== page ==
By Emily Glory Peters
More than fruits and flowers are thriving at Buena Vista Community Garden in Pomona, California. The stories of Southern California’s marginalized communities have roots here, too, passed between visitors and gardeners alike.
But how exactly is that culture preserved—and what kind of restorative significance do these green spaces hold? These are questions Lizbeth Valdivia-Jauregui ’23 plans to answer in her research as one of Scripps’ new Racial Justice and Equity Fellows.
A Community Garden, a Cultural Safe Haven
Centuries of expanding European influence has reduced the spiritual, economic, and political strength of these marginalized groups, Valdivia-Jauregui says—particularly for Indigenous people. A multiethnic community garden presents a special gathering spot to deepen relationships with nature and ensure their traditions aren’t lost.
“My study addresses two major gaps in knowledge: how Indigenous, immigrant, refugee, and low-income people transmit cultural and ancestral knowledge within a community garden, and how this can fit within a transcultural model of healing,” the psychology major says, noting that her interest in therapy helped shape her aims for the project. “I’ll be interviewing Tongva, Black, and Indigenous Buena Vista Community Garden members to explore their perspectives and experiences of the garden as a space of cultural transmission.”
As someone with ties to Tongva land, today known as Pomona, Valdivia-Jauregui’s project is personal as it is practical. She’s volunteered at the community garden for more than two years since COVID-19 hit, building relationships with members and absorbing shared knowledge through elder-led workshops teaching on everything from medicinal herbs to composting with local youth. The garden even hosts “toxic zone tours” so Pomona families know—and can avoid—where industrial waste has been dumped near the garden and in their backyards in the south side of Pomona.
All of it, the rising senior observes, are tools to combat the cultural stripping of those who first lived on and tended Southern California land before colonization and industrialization.
“While Amazon is trying to take over the residential areas in the Inland Empire, green spaces have been spaces of healing for low-income people. They can take no-cost, pesticide-free produce to their homes; we have cookouts, harvests,” she explains. “For me, it’s a bigger institutional thing—yes, we have these toxic zones in Pomona, and we need these green spaces and more work to be done so the voices of these individuals are heard. There’s a lot of environmental racism.”
Donor Support Making a Difference for Scripps Students and the LA Community
Valdivia-Jauregui’s project is fully donor-funded, made possible through Scripps College’s Racial Justice and Equity Fund.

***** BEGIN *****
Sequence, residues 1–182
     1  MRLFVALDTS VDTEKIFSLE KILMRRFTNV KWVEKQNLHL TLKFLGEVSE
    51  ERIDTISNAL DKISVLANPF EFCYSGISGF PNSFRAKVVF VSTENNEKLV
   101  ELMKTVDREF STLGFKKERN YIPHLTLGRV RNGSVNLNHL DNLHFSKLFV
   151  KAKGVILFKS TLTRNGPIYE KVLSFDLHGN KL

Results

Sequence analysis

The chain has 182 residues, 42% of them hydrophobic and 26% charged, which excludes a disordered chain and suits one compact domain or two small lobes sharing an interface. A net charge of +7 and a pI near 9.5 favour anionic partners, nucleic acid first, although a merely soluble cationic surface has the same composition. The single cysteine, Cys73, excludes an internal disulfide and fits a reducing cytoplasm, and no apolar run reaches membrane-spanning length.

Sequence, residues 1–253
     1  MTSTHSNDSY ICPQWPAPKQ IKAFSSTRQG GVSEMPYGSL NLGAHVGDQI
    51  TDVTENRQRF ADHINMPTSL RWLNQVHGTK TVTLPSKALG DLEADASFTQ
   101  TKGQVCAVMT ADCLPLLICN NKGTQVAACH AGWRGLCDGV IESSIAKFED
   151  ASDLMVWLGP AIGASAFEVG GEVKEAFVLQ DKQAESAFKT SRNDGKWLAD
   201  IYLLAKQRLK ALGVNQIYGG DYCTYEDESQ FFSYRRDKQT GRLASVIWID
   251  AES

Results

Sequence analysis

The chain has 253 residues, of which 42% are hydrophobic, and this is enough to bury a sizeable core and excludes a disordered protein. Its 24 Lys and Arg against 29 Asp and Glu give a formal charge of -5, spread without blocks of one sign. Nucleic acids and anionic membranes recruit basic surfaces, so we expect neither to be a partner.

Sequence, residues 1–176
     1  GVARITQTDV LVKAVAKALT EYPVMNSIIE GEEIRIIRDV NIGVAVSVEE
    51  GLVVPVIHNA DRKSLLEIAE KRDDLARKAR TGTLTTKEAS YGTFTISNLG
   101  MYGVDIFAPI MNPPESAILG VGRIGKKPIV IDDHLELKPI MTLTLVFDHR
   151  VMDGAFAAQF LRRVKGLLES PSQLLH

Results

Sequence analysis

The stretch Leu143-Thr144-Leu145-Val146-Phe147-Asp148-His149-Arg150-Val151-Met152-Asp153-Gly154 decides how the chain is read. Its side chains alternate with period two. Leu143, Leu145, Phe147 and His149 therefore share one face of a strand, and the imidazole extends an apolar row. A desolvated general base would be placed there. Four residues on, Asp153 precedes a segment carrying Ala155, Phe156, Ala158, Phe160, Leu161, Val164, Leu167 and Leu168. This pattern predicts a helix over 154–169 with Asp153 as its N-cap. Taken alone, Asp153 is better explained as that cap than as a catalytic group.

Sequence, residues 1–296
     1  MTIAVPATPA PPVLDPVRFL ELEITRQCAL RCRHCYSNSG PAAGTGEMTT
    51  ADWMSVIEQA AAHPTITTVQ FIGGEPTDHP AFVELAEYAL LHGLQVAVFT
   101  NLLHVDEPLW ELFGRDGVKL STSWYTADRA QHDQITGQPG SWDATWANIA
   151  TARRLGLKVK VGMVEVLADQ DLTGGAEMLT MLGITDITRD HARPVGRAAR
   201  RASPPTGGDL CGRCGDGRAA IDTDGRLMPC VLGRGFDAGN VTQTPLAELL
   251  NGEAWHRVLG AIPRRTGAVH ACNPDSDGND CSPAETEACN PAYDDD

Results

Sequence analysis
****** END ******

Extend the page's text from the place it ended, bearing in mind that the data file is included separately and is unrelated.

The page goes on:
Powered by a million-dollar gift from Scripps parent and trustee Gale Picker P’14, P’19, the fellowship is just one of several initiatives centered on diversity, equity, justice, and inclusion. Valdivia-Jauregui joins Molly Yeselson ’23 and Mica Barrett ’23 in the program’s second cohort of students pursuing antiracist scholarship.
Having already cut her teeth on research—she contributed to a paper that was published last year—Valdivia-Jauregui plans to incorporate her fellowship findings into her senior thesis. Ultimately, she’ll share her findings at Scripps with the hopes of impacting the greater Claremont Colleges community.
“I want to inspire action,” she says. “This research can highlight the impact that these big institutions like The Claremont Colleges can have in supporting green spaces and bridge that gap between the 5Cs and Pomona community gardens organizing around food access and sovereignty. That’s really important for me.”
After all, Valdivia-Jauregui adds, the College has its own community garden—so if anyone knows the power of planting together to make positive change, it’s people like Scripps students. They’ve been involved in mutual aid efforts with community gardens to help combat food insecurity across the Inland Empire. That’s what donors support when they give to Scripps, she says, noting that redistributing wealth is a key component to sustaining these green spaces. She hopes donors will continue to make their financial support of programs like the Racial Justice and Equity Fellowship a priority.
“The US was Indigenous land. There’s always that need to highlight and uplift and empower non-Euro individuals, especially on our campuses and beyond,” she says. “I’m thankful to Scripps’ donors because it’s important that they’re taking the time to invest their money in these issues to help provide reparations against the hatred that runs deep in our nation’s racial history.”
Scripps’ Racial Justice and Equity Fellowships help students and faculty advance antiracist work on campus and in the community. To make a gift, please click here.